April 17, 2019
First Deputy Speaker of Ghana’s Parliament, Joseph Osei Owusu has lamented over the low intra-regional trade within the Economic Community of West African States.

According to the first Deputy Speaker, for the past forty years there has not been increase in trade between ECOWAS member states and added that the trade is estimated between member states at eight percent and thirteen of total ECOWAS trade.

He further added that, the cost of inter-regional trade between ECOWAS countries is three times more than shipping to external regions because of poor infrastructure within the region.

Infrastructure provision and efficient service delivery can help in the structural transformation of our economies, improve country competitiveness, facilitate domestic and international trade and enhance the continents integration into the global economy, he added.

“This notwithstanding, there are challenges of mobilizing resources for financing infrastructure, many private citizens have constructed very expensive edifices in neighborhoods with no road or sanitation infrastructure left for the central or local government to fund”.

The first Deputy Speaker made these remarks at the opening of a localized meeting in Accra Ghana, on the theme, “Public-private partnership: An alternative source of funding for community programmes and projects”.

He urged the lawmakers within the sub-region to fully participate in the meeting and obtain the necessary information for the effective performance of their constitutionally mandated duties.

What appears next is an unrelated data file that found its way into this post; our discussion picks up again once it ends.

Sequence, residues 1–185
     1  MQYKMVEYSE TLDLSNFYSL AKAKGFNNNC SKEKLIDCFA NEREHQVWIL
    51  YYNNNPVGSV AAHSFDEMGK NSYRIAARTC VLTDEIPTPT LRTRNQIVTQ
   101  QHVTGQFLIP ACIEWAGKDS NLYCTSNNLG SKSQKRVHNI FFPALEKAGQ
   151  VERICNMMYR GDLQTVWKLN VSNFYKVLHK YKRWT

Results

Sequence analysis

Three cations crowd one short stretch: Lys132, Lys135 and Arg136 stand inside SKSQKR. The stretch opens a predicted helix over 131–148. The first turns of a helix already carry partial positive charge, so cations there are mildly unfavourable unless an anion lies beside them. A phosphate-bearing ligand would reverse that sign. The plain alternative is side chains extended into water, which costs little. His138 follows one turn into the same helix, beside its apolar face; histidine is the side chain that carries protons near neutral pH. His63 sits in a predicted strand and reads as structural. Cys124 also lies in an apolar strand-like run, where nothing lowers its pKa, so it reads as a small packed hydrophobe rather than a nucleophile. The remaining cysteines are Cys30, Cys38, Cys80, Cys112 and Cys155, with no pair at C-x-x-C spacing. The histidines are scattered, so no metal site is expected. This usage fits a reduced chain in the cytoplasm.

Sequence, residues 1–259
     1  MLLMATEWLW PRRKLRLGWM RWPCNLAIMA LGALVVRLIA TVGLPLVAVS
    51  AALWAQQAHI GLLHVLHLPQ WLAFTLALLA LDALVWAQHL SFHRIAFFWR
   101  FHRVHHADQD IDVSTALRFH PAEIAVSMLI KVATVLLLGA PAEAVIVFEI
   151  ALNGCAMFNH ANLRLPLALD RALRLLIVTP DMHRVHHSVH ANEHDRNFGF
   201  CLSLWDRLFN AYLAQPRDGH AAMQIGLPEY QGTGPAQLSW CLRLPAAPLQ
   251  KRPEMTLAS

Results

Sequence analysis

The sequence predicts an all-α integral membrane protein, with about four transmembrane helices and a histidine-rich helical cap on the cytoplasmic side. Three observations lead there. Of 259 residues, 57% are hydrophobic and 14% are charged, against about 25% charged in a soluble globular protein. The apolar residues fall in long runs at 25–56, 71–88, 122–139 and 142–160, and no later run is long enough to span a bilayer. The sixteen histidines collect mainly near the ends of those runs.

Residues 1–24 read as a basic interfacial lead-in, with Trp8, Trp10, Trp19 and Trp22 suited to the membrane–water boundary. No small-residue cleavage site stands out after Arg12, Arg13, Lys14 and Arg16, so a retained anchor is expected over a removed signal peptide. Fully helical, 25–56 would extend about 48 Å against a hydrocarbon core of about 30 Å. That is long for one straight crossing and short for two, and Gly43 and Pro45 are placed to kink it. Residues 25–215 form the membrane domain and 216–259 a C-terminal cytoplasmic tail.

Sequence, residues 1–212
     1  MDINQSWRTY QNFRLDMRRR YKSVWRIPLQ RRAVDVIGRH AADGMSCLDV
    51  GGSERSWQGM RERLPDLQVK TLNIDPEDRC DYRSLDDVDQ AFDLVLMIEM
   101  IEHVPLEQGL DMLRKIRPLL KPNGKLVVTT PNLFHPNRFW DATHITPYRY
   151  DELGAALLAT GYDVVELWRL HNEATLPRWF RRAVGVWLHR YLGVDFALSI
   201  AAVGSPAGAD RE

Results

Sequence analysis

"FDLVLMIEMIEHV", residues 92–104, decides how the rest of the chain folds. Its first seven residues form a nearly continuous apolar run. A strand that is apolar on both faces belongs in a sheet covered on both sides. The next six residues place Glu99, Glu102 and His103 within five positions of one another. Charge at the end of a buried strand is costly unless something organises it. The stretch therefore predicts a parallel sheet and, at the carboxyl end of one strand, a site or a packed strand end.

Also “I am aware, that most member states are not able to raise sufficient funds for development projects often creating an infrastructure gap. To fill the gap we have often tended to resort to debt financing which result in fiscal deficits.

Mr. Joseph Osei Owusu further noted that community lawmakers can through their legislative, deliberative, advocacy, oversight and budgetary roles help with the implementation of PPP projects.

The importance of the public-private partnership requires that an institutional and legal framework which is aimed at development and implementing projects be put in place, in this regard Ghana Infrastructure Investment Fund bill was passed into law in 2014.

This was to strengthen the mobilization, management, coordination and provide financial resources for investment in a diversified portfolio of infrastructure projects in Ghana for national development.

To complement this, a national policy on public private partnership (PPP) was also developed in 2011 to enhance and harmonize the 2004 PPP policy guidelines. The policy is to provide a clear and a consistent process for all aspects of PPP project development and implementation.

Kwaku Sakyi-Danso/ghanamps.com